The Jamghat Bavli is like a comic book/graphic novel still. The puppet is not one character but an entire scenario.
Togalu Gombeyata stories are usually from the Ramayana, Mahabaharata or the Bhagwat Puran, but peculiar to the Sillakayata community, who are hunters, farmers and leather workers.
“The Sillakayata Mahabharata is different from Veda Vyasa’s Mahabharata because it does not talk of the important people alone. It speaks of the common people like the farmer, foot soldier etc, represented through both puppets and the clown commentators, Sillakayata and Bangarakha.”
These narratives have never been written down. They are orally transmitted with additions and commentaries added by each generation. The narrative is key to the design of the puppets. A Jamghat showing Shakuni playing the dice game with Yudishthir has the skeleton of his dead father Subala lying in the background, while the gods and demons are witnesses to the game, that would trigger the apocalyptic war.
The clowns, Sillakayata and Bangarakha, play a key role in this war. They are the link between an old traditional text and the current times. Their jokes, gags and comments keep the audiences engaged and involved. As in other rural performance forms, satire and irreverence provide the sharp social commentary that keep the stories relevant and meaningful.
At the peak of the National Movement the British had restricted the form because of it’s political and seditious undertones. They made a rule that each show must depict British officers. The puppeteers accepted. They made a series of puppets of the British officer on top of very decorated animals. To the British they looked like horses but the audience knew they were donkeys!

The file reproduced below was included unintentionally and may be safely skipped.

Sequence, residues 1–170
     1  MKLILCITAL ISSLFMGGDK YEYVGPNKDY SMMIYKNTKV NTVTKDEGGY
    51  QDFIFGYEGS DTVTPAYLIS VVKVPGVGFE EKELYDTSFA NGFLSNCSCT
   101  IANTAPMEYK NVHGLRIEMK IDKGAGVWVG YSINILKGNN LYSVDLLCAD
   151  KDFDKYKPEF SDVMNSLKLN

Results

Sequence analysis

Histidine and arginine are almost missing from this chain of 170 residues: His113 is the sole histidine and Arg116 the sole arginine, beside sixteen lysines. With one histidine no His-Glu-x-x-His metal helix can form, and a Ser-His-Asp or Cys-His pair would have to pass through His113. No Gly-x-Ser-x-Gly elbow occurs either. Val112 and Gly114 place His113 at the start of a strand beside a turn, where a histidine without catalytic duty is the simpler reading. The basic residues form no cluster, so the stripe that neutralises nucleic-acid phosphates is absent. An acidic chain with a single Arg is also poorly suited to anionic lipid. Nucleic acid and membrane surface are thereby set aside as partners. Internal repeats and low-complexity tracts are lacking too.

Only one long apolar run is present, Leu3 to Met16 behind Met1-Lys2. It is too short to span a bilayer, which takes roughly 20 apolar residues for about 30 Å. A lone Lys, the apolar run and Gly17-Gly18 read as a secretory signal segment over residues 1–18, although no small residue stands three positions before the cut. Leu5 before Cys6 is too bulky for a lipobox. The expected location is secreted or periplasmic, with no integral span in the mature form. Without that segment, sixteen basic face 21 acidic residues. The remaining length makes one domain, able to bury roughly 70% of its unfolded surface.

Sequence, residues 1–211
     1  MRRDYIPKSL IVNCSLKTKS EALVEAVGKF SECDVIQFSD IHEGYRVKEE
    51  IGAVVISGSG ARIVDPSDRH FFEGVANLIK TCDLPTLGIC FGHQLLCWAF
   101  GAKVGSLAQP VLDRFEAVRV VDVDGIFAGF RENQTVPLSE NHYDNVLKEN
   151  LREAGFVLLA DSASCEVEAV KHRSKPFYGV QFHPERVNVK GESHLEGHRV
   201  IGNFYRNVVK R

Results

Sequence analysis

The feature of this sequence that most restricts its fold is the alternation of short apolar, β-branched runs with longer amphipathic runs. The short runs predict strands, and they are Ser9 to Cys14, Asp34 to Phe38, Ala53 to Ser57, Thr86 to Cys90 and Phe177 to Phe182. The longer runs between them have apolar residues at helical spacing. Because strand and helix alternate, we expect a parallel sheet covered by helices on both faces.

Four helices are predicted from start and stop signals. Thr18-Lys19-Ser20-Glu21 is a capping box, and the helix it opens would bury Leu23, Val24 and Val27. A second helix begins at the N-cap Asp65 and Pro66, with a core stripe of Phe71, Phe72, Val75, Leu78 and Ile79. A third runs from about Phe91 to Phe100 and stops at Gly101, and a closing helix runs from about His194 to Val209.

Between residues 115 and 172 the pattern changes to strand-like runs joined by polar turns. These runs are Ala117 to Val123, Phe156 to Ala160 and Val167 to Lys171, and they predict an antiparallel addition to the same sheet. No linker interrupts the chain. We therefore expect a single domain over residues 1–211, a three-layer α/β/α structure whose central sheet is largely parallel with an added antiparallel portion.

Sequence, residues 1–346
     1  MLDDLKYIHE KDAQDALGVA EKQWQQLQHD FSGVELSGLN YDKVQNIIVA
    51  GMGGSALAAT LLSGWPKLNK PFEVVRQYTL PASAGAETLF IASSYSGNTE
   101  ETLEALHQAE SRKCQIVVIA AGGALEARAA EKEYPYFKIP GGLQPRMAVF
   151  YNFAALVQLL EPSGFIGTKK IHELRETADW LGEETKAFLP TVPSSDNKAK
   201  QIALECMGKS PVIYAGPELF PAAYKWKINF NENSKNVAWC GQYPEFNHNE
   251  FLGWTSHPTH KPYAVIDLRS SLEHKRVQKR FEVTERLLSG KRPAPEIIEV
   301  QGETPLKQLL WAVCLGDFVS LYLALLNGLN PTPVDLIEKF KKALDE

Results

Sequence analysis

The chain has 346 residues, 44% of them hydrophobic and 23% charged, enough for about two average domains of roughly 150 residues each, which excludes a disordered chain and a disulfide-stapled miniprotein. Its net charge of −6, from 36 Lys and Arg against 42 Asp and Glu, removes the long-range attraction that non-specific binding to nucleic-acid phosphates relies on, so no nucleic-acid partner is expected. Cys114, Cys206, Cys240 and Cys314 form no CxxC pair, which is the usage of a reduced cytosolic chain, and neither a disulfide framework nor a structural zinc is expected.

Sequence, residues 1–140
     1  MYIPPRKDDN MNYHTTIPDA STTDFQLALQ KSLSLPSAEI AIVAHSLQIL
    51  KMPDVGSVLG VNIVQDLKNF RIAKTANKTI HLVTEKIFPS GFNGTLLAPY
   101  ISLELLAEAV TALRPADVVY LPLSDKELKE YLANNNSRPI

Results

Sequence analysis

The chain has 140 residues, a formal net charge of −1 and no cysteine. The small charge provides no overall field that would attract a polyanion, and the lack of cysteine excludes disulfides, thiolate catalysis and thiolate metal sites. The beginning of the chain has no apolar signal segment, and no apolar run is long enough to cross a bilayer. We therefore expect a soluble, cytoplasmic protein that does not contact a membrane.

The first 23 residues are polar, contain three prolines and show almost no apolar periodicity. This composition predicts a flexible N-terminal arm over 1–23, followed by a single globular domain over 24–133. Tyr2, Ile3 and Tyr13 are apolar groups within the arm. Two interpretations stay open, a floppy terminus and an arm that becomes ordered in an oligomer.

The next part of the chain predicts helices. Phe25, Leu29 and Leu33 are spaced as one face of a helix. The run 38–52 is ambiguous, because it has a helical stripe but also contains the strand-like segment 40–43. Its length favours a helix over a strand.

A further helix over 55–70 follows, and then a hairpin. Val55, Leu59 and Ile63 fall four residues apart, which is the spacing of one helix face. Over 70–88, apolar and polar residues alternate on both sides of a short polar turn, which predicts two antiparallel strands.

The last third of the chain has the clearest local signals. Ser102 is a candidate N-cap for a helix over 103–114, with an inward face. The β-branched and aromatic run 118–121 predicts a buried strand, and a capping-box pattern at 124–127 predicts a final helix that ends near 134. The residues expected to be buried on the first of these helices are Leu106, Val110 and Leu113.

Katkatha was started in 1998. For the first 10 years, they gave themselves the mandate to create a new performance each year, but pushing the boundaries of puppetry as they knew it each time. In 2000, a new group of young people joined Katkatha, while many of the older members chose to move on with their careers. The group known as Katkatha today has members who joined back then.
The primary form Katkatha works with is adapted from the Japanese Bunraku. Bunraku is a traditional 500-year old form, from Osaka.
“We have adapted the manipulation technique of the Bunraku form. I learnt it in puppet school in Sweden. We also use it now in our root understanding of the puppet and how to bring it to life. It has become our basic vocabulary for understanding anatomy – the movement in the puppet’s body as understood from our own anatomy, and the role of breath and eyes in simulating life. Even when we don’t use a full-bodied puppet on stage, the anatomy of the puppet stays in our head as the main guideline to simulating life. For example, if the puppet has only two hands and a head, the audience will still be able to ‘see’ the full body because the puppeteer has a clear idea of a body in her/his head.”
~ Anurupa Roy